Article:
Like Lindsey’s Bakery in Circleville, OH, a portion of their offerings are Vegan, with the only catch being when something is gone for the day, it’s gone. Thankfully, pretty much everything they offered was still there by the time we could put an order, and we made out with four somewhat spendy (compared to typical donuts) but rather substantially-sized donuts.
In essence, these donuts are the best of cake and yeast textures combined, and we were more than happy with one donut being our early breakfast (we saved our other donut for later munching.) You’re in for a little bit of a wait on most days, but the wait is worth it.
Hard to Port: We’ve heard good things about both Portlands of note in this country. We enjoyed our visit to the Oregon version nearly a decade ago; Maine’s version left us craving for more as well.
On this trip, we went lighthouse hunting all along the Atlantic coast, but our favorite set of lighthouses centered around this city of 66,000 people. Two Lights Park (with two lighthouses, the squat-but-sturdy Bug Light, and the Portland Headlight sated our up close lighthouse jonesing, with many other lighthouses such as the Ram Island Ledge and Echo Point Lighthouses beckoning from just offshore.
Not unlike the West Coast Portland, Maine’s Portland has a happening and renowned fermented and distilled beverage scene. We noticed this first at Allagash Brewing, one of the more well-known of the second wave of craft breweries and one of the first to focus on Belgian styles. The inside of their facility is closed to visitors due to COVID, but there is plenty of space outdoors to accommodate visitors. We enjoyed a seat underneath some pine trees and ordered some delicious brews, which went well with an item that added to my perception that seafood isn’t all that bad after all.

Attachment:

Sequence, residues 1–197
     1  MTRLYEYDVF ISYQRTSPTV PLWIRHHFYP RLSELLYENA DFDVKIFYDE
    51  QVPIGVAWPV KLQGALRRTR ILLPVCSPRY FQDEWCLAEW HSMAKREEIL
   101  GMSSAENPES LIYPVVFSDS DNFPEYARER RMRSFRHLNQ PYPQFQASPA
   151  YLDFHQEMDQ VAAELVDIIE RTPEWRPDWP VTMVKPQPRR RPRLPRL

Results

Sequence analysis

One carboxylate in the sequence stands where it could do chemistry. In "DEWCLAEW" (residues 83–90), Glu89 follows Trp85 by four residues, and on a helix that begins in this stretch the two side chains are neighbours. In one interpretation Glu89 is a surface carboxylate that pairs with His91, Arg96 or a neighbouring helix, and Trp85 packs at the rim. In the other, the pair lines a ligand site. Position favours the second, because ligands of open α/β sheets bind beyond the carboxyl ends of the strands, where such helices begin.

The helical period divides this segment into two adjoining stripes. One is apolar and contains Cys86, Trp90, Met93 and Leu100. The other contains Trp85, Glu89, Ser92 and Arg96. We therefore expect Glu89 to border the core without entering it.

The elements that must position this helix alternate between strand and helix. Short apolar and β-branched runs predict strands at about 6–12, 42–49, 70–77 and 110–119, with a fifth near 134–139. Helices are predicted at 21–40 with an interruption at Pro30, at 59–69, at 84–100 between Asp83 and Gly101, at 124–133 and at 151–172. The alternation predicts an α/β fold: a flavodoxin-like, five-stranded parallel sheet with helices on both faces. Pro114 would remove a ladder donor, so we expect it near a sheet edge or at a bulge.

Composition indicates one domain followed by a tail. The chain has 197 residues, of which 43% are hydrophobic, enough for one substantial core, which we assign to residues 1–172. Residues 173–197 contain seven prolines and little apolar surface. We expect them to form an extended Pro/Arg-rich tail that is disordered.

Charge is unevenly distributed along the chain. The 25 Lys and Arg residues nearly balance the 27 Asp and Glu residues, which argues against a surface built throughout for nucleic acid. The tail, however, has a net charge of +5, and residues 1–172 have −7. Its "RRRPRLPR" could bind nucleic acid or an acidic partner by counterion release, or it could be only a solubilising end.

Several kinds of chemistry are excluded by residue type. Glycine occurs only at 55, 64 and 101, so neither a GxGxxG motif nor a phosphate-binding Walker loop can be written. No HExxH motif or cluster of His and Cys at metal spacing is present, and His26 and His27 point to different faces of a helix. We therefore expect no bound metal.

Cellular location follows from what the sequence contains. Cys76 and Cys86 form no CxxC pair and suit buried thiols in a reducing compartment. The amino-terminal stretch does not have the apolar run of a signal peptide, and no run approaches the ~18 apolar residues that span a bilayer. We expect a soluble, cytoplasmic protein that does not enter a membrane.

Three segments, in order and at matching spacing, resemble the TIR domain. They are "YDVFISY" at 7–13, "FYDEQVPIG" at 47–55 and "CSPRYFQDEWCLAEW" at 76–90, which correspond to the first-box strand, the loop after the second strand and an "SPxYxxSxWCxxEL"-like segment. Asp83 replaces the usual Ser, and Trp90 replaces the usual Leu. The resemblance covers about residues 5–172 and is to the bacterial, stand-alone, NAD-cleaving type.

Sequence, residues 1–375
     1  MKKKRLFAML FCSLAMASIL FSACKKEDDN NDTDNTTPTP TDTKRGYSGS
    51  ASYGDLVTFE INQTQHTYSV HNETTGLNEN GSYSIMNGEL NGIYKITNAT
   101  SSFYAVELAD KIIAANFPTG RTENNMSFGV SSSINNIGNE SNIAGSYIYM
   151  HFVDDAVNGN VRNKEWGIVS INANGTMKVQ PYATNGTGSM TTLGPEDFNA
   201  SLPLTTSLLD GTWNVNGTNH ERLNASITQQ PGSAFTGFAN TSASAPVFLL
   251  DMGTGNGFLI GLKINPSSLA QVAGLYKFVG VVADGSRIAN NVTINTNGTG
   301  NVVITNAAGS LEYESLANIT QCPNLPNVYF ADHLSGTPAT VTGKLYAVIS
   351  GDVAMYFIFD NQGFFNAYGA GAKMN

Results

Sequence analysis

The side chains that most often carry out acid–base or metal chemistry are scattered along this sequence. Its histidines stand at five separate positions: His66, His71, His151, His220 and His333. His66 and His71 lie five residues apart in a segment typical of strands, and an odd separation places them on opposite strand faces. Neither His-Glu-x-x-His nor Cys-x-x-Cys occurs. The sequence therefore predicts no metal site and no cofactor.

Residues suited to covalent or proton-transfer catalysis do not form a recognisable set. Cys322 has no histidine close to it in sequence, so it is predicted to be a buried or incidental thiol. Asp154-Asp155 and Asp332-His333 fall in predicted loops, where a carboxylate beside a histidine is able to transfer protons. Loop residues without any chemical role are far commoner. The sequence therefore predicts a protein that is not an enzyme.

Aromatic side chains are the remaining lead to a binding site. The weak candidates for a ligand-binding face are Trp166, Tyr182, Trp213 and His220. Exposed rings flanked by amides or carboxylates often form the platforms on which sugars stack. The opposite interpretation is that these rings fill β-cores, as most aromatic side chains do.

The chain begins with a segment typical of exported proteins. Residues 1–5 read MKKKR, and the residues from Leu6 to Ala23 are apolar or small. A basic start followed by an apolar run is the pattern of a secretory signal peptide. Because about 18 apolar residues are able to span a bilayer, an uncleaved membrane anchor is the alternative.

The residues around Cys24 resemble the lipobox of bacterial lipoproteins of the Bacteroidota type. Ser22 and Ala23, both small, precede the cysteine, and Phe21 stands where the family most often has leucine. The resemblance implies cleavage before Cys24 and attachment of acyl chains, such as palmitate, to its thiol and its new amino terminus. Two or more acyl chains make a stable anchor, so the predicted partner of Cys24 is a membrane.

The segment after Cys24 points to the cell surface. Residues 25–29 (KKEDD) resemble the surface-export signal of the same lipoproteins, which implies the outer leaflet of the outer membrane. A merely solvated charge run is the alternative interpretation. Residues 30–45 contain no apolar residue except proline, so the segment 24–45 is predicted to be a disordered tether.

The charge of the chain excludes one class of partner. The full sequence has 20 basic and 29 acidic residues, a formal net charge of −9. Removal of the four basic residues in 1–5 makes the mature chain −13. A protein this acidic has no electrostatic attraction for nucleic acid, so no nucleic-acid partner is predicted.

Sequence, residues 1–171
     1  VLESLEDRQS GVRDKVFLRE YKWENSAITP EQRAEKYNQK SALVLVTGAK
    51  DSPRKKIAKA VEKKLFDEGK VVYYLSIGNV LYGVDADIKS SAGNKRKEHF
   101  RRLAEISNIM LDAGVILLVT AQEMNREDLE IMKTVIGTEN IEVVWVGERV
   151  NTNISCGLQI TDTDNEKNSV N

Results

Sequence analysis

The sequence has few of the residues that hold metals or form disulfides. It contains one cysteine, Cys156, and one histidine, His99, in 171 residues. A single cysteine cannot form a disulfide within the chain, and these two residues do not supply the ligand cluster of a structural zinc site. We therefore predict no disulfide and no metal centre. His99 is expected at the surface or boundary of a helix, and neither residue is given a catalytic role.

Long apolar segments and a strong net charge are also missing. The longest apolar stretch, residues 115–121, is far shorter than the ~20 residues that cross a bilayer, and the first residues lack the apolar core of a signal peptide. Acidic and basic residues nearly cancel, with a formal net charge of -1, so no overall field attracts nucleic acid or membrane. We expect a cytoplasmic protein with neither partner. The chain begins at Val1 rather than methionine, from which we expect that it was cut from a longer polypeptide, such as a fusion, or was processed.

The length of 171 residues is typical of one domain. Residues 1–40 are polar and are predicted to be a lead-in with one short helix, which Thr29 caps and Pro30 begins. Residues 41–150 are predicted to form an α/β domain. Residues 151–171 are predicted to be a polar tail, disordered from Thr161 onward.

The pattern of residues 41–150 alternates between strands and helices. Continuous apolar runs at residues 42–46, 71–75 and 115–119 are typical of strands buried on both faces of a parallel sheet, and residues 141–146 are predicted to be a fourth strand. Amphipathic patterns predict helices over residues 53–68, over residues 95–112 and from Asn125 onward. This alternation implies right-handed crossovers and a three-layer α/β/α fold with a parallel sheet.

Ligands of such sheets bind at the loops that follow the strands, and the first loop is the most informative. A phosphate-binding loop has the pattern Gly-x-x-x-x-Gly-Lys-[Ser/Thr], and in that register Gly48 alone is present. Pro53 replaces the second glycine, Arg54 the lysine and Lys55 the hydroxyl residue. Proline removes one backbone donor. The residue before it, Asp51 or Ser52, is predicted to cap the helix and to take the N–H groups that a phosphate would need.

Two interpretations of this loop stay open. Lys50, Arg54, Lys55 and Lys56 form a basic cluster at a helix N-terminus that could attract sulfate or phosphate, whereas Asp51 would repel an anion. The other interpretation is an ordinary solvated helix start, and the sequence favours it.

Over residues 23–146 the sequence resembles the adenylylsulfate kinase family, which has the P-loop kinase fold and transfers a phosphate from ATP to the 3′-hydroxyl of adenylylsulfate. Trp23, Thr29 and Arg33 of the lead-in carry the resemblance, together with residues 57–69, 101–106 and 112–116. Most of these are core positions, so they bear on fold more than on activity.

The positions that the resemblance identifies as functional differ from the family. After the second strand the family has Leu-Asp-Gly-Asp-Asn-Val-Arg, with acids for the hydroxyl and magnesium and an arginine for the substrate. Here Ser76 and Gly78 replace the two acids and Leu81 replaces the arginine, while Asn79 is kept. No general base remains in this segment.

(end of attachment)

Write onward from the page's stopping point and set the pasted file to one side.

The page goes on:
The Bite Into Maine food trailer (which has several locations throughout the area, including the park that holds The Portland Headlight Lighthouse) was onsite for food replenishment, including their signature lobster rolls. Lobster Rolls are available in three versions; we went with a single Connecticut Style Roll (adorned only with warm melted butter) and split it. We can both confirm we were blissful from the experience. At $7, the Nowaday Ale Beer Brats are a more than acceptable substitute if one deems the price of a roll ($26/$34 depending on the lobster content; however, the price did seem to be in line with other restaurants’ offerings in the area) a bit much.
We ventured from there to another brewery in Rising Tide Brewing, on the advice of Carla Jean Lauter. I had become acquainted with this longtime local beer blogger and writer for Down East Magazine through social media, and whose knowledge I had come to appreciate. She gave us the word that Rising Tide’s IPAs would be more along the West Coast style versions we prefer.